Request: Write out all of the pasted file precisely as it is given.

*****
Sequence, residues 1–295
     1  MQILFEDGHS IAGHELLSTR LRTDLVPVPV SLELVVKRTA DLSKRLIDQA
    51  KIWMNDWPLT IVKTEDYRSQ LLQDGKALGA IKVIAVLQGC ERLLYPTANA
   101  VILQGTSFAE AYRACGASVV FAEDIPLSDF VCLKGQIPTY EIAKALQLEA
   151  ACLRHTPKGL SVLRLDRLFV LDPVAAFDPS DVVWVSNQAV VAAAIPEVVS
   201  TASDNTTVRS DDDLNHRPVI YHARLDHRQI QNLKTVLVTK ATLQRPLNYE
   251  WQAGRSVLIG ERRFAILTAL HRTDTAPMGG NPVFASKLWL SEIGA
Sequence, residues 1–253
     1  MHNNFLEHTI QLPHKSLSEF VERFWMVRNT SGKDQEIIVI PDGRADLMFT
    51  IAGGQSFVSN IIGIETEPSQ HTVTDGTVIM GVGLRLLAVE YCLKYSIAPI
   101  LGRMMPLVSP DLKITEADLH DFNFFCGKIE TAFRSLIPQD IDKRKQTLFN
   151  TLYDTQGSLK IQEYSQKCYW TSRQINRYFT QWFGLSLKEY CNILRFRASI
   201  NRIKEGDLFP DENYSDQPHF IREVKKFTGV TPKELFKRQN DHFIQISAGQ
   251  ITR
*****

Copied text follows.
Sequence, residues 1–295
     1  MQILFEDGHS IAGHELLSTR LRTDLVPVPV SLELVVKRTA DLSKRLIDQA
    51  KIWMNDWPLT IVKTEDYRSQ LLQDGKALGA IKVIAVLQGC ERLLYPTANA
   101  VILQGTSFAE AYRACGASVV FAEDIPLSDF VCLKGQIPTY EIAKALQLEA
   151  ACLRHTPKGL SVLRLDRLFV LDPVAAFDPS DVVWVSNQAV VAAAIPEVVS
   201  TASDNTTVRS DDDLNHRPVI YHARLDHRQI QNLKTVLVTK ATLQRPLNYE
   251  WQAGRSVLIG ERRFAILTAL HRTDTAPMGG NPVFASKLWL SEIGA
Sequence, residues 1–253
     1  MHNNFLEHTI QLPHKSLSEF VERFWMVRNT SGKDQEIIVI PDGRADLMFT
    51  IAGGQSFVSN IIGIETEPSQ HTVTDGTVIM GVGLRLLAVE YCLKYSIAPI
   101  LGRMMPLVSP DLKITEADLH DFNFFCGKIE TAFRSLIPQD IDKRKQTLFN
   151  TLYDTQGSLK IQEYSQKCYW TSRQINRYFT QWFGLSLKEY CNILRFRASI
   201  NRIKEGDLFP DENYSDQPHF IREVKKFTGV TPKELFKRQN DHFIQISAGQ
   251  ITR